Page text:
The problem is that the belief in Putin’s power vertical, not to mention that it now is collapsing, is a misdiagnosis. If Putin has managed to establish a power vertical then he is truly the most adept Russian leader in its 1000 plus year history. With a functioning and omnipotent power vertical, Putin has been able to do what Peter the Great, Catherine the Great, Nicholas I, and even Stalin failed to do. The fact is the power vertical as, in Golts’ words, “an autocratic monarchy in which the king alone makes decisions that are faithfully carried out by his subjects” is an utter myth. This relation between the autocrat and his subordinates has never existed in Russia (and I would venture anywhere else). This is evident in one simple example. As Richard Sakwa points out in his The Crisis of Russian Democracy: The Dual State, Factionalism, and the Medvedev Succession, by 2008, when Putin left office, over 1,800 of his presidential decrees had not been implemented (32). Clearly, Putin’s subjects were not carrying out his faithful decisions then too. Yet, in 2008, Putin’s power was considered unshakable. To suggest that “serious cracks in Putin’s power vertical are now apparent” only reinforces an illusion that misidentifies where power in Russia really lies: in an small elite on top of a vast bureaucracy of which Putin is a very powerful player, especially symbolically, but not a completely essential member.
Perhaps defining Putin’s power vertical as putting into practice all of the vozhd’s orders is a misnomer. Perhaps the power vertical is best viewed minimally as an albeit feeble disciplinary mechanism. It’s power is in part based on myth and part on actual legal power. Myth in the sense that Putin’s power vertical exists only in as much as others believe in it. Here the power vertical is merely symbolic power represented by the presidential signature and stamp on a document or the performance of Putin sitting at a desk grilling his subordinates. As long as those symbols maintain their influence, does the power vertical show any modicum of functioning. The only real concrete power of the vertical is Putin’s legal prerogative to sack anyone he pleases. But even here his agency is circumscribed because while theoretically everyone is expendable, some are more expendable than others depending on the circumstances. Russia remains a fragmented state, with power organized more in networks and circles than vertical structures. Putin is more a creature of the system than its owner. And ironically, the myth of the power vertical is more authoritative than the leader’s constitutional prerogatives. It is the former that gives the real substance to the latter.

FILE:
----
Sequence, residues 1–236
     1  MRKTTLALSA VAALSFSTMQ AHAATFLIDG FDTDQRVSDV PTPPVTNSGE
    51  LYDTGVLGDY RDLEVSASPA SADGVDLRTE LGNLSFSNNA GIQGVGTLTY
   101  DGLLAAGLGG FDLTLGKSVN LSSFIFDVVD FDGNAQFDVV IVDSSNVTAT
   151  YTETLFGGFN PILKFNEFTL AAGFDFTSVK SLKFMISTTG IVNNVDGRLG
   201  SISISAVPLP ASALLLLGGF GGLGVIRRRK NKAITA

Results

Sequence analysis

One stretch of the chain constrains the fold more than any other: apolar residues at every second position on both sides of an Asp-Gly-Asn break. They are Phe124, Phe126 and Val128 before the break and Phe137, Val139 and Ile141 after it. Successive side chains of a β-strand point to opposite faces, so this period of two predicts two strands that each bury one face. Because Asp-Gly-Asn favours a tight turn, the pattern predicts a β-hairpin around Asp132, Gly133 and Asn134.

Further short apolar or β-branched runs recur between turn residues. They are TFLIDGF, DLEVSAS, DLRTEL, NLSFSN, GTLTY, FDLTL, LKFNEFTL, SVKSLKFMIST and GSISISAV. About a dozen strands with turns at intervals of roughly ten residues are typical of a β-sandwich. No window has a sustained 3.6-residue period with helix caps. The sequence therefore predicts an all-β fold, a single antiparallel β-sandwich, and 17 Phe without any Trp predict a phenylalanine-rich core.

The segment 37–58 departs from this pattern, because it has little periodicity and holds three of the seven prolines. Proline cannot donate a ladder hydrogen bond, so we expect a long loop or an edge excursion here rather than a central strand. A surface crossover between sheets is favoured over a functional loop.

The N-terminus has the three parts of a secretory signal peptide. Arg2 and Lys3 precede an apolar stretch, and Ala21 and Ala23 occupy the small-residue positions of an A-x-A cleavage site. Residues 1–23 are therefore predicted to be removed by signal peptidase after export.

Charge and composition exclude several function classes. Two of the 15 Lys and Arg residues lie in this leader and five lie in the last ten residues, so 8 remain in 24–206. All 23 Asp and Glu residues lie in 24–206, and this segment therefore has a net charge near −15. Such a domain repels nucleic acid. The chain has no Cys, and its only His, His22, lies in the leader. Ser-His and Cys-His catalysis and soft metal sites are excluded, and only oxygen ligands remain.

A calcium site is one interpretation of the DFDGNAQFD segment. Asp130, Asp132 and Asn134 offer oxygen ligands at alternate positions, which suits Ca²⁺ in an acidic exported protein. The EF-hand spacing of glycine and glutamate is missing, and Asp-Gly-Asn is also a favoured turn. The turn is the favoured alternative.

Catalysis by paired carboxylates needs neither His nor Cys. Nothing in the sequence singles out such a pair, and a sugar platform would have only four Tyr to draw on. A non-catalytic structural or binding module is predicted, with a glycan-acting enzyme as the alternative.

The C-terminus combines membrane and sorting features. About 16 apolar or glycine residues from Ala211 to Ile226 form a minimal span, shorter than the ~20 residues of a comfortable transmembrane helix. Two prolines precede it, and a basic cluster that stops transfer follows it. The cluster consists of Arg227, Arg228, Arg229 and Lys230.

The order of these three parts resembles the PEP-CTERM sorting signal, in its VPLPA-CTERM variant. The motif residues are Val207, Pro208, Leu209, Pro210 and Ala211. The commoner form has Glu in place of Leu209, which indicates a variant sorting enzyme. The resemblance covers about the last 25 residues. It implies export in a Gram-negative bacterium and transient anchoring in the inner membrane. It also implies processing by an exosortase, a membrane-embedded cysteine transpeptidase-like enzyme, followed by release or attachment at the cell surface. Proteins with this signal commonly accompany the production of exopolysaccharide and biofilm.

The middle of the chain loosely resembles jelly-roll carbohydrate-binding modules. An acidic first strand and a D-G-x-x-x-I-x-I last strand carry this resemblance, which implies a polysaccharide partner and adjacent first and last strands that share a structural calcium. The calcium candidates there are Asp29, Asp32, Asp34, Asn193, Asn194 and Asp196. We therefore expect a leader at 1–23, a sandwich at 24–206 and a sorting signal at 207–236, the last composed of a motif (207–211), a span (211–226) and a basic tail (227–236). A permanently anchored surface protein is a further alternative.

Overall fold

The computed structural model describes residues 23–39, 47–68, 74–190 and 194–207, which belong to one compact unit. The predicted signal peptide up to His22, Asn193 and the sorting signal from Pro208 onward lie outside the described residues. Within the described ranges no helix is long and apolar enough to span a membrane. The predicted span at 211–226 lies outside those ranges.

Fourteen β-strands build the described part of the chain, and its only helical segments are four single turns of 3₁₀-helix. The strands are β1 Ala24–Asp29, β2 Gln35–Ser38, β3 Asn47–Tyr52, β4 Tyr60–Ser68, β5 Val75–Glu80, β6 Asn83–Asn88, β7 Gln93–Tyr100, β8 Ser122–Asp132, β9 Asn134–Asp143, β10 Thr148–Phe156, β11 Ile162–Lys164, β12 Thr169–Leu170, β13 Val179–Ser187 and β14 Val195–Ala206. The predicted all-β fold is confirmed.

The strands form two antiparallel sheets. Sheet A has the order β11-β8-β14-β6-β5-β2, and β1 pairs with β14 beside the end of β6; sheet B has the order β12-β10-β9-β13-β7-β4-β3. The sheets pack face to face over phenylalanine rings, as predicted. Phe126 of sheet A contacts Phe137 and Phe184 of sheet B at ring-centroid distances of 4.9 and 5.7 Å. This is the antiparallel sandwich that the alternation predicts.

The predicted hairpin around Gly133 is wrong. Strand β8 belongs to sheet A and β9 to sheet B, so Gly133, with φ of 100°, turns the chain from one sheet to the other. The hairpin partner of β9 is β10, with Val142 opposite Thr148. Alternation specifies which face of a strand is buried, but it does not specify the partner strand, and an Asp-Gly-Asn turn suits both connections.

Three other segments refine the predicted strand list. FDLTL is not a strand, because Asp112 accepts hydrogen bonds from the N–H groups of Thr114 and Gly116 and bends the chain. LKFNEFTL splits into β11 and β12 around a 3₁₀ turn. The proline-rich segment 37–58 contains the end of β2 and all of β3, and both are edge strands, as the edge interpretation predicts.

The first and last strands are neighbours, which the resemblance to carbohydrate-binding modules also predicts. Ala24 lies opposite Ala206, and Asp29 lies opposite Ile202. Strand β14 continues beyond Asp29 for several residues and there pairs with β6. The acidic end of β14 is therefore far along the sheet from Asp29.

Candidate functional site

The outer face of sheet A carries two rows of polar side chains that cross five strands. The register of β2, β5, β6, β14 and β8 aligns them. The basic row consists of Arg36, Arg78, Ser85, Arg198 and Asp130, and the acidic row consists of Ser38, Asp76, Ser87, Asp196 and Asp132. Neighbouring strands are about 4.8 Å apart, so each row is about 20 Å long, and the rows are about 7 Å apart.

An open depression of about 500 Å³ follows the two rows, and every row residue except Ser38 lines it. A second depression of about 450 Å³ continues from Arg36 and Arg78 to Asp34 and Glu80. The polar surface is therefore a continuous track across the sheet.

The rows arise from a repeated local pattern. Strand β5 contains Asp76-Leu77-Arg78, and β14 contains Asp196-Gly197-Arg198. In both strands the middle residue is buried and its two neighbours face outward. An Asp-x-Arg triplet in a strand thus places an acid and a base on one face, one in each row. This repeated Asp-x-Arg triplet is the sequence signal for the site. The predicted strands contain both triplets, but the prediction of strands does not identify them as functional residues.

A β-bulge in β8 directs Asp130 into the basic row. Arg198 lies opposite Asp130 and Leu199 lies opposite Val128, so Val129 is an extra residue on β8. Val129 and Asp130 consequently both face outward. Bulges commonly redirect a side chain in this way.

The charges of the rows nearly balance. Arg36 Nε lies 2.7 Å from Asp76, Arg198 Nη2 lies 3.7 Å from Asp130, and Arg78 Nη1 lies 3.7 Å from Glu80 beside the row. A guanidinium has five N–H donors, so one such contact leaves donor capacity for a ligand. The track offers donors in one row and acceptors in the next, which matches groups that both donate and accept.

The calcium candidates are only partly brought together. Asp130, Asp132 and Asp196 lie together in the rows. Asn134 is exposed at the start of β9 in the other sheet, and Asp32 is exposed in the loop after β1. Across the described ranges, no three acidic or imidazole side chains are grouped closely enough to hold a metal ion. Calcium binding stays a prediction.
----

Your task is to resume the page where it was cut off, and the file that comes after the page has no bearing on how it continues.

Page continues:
Critics like Golts would do well to dispose of the power vertical myth all together. Not only does its sacred belief produce bad analysis, it engenders bad, and dare I say, stagnant politics. This is why the opposition’s “Manifesto for a Free Russia” is so empty, and another “March of Millions” on 7 October, Putin’s birthday no less, inspires little enthusiasm. Both acts re-inscribe the very myth that is the basis of Putin’s power. In order to ultimately go beyond Putin, one must get over him.Post Views: 213